Making Work Pay Tax Credit


The Making Work Pay tax credit expired at the end of 2010.

The Payroll Tax Cut replaces this central tax break for middle- and low-income Americans in last year’s economic stimulus measure, White House officials said.

The Making Work Pay Tax credit was part of the 2009 stimulus package. The provision boosted paychecks in 2009 and 2010 by up to $400 for working single filers and $800 for married taxpayers filing a joint return by reducing the withheld tax. That is $33 or $67 a month.

The biggest gains were going to people with the lowest incomes. Taxpayers who make $75,000 or less are eligible for the full credit, while the credit is phased out for higher earners - single workers who have an adjusted gross income of between $75,000 and $95,000, and married couples filing jointly who make between $150,000 and $190,000.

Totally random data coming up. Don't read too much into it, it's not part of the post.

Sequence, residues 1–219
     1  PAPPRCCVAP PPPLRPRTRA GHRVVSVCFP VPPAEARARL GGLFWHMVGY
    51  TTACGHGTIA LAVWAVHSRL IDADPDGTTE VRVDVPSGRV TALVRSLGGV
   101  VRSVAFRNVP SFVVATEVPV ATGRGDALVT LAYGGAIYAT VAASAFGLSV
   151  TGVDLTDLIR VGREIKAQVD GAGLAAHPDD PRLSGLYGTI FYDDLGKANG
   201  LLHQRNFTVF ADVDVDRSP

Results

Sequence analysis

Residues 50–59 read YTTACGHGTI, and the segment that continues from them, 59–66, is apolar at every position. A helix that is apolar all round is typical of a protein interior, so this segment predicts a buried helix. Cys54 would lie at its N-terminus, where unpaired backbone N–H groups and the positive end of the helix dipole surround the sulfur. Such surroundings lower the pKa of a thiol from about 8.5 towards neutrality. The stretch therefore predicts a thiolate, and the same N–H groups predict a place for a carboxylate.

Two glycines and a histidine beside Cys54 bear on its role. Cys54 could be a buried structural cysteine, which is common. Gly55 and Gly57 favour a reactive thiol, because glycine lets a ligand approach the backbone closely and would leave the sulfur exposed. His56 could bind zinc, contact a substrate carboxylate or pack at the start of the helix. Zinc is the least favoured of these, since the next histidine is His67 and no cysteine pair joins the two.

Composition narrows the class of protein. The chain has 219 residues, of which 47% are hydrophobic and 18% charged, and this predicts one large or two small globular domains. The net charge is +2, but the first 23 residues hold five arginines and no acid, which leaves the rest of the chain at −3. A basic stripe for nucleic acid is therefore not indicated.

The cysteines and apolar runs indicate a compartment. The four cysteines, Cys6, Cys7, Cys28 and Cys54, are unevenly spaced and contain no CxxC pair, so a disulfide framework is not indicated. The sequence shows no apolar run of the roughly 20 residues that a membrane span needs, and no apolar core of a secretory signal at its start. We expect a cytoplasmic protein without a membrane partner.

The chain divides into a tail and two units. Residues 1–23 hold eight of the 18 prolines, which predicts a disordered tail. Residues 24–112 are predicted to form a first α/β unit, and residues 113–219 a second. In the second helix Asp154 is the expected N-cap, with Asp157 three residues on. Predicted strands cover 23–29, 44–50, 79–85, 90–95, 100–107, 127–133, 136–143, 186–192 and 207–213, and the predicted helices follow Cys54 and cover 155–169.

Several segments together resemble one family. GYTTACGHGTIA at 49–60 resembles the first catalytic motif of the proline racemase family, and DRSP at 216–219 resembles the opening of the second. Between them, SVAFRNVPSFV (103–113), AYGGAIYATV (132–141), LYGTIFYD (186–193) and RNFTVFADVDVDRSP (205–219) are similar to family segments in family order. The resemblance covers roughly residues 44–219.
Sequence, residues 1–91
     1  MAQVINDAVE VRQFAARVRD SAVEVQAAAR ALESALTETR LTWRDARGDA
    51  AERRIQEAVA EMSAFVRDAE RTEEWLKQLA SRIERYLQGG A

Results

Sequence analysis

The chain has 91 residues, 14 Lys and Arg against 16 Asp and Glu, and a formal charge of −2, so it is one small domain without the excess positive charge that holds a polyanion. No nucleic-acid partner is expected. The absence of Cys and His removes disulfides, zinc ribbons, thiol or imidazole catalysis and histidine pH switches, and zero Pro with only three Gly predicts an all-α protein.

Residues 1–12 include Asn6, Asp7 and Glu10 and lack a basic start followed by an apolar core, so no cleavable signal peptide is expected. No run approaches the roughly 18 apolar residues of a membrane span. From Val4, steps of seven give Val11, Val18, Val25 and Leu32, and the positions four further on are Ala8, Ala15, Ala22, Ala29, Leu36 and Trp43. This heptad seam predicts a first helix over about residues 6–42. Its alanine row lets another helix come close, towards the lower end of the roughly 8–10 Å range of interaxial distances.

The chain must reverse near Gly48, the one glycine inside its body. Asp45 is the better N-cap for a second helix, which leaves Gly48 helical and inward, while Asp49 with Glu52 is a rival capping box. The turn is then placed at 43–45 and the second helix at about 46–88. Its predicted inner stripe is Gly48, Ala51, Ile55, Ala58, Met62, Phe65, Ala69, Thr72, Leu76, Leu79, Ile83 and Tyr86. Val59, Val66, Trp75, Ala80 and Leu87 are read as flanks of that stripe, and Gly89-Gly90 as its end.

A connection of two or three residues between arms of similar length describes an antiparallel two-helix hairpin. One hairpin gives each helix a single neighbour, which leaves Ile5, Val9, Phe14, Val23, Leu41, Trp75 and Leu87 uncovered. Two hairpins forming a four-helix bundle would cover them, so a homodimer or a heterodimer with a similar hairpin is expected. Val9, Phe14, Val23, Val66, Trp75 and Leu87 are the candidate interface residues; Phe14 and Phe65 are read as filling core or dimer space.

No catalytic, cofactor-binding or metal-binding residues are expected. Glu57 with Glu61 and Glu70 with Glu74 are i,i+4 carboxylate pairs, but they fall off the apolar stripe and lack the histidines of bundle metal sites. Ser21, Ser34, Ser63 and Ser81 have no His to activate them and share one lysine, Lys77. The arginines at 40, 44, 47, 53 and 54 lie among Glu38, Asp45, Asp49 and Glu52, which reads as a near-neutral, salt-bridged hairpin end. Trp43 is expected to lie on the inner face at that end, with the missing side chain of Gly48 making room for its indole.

More than 90% of the working Americans have been helped by this tax break.

On Monday, December 6th, 2010 President Obama announced a deal with Republican leaders to extend the Bush-era tax cuts for 2 years for all Americans. As a concession Republicans agreed to extend unemployment benefits for 13 months, and lower the payroll tax by two percentage points for a year.

By reducing the payroll tax a family earning $70,000 would see $1,400 more in their paychecks if the deal is approved. According to CNN that's $600 more than the about to expire Making Work Pay credit.

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